Bristol Myers Deal-Linked Derivative Surges on Inspection Hopes
(Bloomberg) -- The deal sweetener Bristol Myers Squibb Co. offered as a part of its Celgene Corp. purchase spiked as traders positioned ahead of a key year-end deadline and shared optimism related to a needed regulatory inspection.
The $9 all-or-nothing payment jumped as much as 55% to the highest level in about three weeks as investors weighed whether U.S. regulators could inspect a facility key to the derivative’s payout in time for a year-end deadline.
While traders await word from the company on the state of the inspection, they shared commentary from another drug manufacturer at an Evercore ISI event Wednesday that said a site inspection had just been completed. Fans of the so-called contingent value right, or CVR, viewed the update as a positive sign that the Food and Drug Administration is still inspecting facilities amid the pandemic.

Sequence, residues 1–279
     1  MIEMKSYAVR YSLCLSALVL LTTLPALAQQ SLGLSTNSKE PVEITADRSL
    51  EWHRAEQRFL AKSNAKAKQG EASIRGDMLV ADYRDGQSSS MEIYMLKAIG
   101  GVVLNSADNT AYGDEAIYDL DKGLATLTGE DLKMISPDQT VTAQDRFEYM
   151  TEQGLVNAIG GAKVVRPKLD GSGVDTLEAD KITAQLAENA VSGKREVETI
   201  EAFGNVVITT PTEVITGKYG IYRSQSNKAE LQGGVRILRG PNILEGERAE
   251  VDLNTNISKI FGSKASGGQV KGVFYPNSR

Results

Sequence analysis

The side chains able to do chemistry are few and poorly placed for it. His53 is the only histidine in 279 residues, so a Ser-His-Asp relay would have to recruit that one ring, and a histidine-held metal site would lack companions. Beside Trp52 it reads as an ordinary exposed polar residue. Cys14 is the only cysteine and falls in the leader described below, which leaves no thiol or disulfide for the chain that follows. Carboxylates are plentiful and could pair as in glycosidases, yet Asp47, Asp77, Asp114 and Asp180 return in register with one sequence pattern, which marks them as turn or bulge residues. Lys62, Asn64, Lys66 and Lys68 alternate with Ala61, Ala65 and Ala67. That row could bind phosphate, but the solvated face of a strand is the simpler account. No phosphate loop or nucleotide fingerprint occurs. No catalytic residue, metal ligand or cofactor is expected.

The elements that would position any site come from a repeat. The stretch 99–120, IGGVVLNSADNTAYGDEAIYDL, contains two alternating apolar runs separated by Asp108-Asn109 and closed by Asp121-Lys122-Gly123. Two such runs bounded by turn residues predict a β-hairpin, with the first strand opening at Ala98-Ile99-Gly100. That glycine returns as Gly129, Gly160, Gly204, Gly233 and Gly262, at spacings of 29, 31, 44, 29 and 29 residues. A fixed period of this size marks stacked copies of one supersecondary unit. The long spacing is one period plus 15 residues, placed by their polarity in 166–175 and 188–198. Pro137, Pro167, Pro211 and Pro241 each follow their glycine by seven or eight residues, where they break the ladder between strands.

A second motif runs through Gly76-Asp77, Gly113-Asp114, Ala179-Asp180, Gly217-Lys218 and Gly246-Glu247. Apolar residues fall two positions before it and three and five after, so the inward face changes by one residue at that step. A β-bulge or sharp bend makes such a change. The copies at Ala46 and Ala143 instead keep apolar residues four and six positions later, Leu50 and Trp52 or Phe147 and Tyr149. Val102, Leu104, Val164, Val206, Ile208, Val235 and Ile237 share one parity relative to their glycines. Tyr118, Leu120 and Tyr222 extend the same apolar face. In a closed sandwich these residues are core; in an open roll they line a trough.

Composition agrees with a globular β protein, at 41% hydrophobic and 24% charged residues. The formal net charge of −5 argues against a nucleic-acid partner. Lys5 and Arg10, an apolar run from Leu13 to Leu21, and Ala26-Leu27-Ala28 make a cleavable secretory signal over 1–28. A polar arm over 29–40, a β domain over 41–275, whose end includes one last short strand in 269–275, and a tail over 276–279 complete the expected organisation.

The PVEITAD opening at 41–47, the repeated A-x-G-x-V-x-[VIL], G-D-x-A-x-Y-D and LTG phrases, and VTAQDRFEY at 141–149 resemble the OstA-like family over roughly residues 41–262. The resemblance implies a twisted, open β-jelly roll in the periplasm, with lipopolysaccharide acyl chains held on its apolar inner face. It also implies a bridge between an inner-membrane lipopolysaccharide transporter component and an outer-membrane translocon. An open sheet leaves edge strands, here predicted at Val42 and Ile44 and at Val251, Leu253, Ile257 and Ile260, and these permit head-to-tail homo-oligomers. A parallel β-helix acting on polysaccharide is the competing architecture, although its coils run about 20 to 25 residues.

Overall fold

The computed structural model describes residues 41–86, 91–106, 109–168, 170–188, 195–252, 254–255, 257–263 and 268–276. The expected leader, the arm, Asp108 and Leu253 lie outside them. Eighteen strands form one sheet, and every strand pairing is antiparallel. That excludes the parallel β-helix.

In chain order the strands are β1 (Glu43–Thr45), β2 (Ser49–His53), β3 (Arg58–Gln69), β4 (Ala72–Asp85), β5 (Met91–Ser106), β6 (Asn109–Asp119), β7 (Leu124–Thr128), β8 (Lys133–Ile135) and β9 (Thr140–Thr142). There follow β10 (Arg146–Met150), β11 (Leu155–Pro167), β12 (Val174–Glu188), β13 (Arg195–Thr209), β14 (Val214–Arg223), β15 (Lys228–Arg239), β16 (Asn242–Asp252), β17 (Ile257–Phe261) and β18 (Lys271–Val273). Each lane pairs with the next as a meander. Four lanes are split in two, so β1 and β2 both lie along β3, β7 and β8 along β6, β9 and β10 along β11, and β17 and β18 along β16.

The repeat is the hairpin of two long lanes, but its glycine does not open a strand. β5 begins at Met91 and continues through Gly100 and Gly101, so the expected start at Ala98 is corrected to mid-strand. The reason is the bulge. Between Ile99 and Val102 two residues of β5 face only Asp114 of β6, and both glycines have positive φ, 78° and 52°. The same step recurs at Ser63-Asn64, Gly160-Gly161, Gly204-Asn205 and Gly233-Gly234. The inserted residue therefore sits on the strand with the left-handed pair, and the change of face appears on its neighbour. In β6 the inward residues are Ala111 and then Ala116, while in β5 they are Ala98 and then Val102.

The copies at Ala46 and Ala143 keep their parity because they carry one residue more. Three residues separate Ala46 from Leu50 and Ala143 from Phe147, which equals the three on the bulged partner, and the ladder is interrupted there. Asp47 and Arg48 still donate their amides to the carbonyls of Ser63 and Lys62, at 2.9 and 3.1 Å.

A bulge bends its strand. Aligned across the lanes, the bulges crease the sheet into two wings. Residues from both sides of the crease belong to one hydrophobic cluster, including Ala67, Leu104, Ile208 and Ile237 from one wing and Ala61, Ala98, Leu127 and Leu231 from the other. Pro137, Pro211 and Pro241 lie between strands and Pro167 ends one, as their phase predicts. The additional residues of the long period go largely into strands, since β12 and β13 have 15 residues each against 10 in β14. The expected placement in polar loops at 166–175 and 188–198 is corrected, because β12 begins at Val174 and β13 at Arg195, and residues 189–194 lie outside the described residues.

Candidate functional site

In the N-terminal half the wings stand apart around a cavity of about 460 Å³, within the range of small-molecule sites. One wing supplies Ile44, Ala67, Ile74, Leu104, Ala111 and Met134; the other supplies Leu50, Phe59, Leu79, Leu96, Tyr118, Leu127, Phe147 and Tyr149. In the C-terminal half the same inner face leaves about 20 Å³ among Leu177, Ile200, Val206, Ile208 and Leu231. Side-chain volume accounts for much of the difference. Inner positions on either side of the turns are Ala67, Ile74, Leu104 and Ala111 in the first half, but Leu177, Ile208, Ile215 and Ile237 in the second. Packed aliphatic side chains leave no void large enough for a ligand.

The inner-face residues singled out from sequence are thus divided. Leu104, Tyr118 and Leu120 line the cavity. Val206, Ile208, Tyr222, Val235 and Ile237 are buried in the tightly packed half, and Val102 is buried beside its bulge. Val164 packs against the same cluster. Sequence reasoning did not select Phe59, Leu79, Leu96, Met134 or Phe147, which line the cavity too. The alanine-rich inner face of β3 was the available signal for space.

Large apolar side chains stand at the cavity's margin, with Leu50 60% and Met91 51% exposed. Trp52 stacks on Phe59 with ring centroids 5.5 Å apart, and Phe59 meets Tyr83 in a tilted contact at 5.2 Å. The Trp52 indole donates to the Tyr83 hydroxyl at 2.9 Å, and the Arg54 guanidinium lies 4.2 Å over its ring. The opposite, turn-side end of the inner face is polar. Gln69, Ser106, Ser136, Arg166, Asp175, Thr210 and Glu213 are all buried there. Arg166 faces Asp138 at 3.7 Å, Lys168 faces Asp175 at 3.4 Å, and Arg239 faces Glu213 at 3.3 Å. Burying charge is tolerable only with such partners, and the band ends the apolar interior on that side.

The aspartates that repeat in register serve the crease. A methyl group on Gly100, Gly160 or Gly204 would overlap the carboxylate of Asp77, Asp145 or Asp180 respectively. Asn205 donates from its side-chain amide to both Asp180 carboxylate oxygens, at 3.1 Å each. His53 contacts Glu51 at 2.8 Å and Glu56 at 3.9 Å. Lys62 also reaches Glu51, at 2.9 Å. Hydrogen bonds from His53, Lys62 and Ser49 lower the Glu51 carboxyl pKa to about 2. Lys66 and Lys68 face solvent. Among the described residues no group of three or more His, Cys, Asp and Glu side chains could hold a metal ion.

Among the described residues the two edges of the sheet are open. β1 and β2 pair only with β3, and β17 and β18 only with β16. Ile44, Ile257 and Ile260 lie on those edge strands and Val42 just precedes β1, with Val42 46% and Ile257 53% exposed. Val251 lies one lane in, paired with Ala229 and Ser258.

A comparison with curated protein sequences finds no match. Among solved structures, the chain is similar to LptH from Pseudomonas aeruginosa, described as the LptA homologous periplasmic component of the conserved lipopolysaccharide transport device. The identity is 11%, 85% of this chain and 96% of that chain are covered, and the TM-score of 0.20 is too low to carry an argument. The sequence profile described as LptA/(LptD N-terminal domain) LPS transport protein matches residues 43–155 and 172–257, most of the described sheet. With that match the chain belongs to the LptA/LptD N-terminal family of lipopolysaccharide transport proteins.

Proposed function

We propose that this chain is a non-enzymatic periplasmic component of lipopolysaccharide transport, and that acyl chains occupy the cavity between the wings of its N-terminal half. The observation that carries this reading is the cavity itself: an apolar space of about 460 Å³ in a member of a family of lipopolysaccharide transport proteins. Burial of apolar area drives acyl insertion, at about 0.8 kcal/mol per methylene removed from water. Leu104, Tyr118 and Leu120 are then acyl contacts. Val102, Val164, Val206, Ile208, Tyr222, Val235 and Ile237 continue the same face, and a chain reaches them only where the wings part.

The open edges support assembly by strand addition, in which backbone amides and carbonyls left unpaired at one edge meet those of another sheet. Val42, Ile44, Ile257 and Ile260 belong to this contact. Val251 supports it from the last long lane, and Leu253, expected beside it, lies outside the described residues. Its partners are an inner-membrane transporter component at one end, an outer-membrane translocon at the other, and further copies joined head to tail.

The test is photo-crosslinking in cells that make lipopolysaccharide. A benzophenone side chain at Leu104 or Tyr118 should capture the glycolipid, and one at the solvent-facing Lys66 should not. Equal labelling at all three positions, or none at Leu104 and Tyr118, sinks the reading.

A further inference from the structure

The derivative, which has been volatile since plummeting a month ago, depends on FDA approval of the company’s cancer drug lisocabtagene maraleucel by the end of the year as well as approval of a second drug, idecabtagene vicleucel in multiple myeloma, by March 31.
Read more: Bristol CVR Surges as FDA Head’s Tweet Sparks Investor Optimism
Investors have been doing their best to read the tea leaves for what would prove to be a very profitable trade if Bristol Myers can clear the two remaining hurdles. The derivative spiked last week as traders circulated a tweet from FDA Commissioner Stephen Hahn, which signaled the agency is ramping up inspections of drug manufacturing sites.
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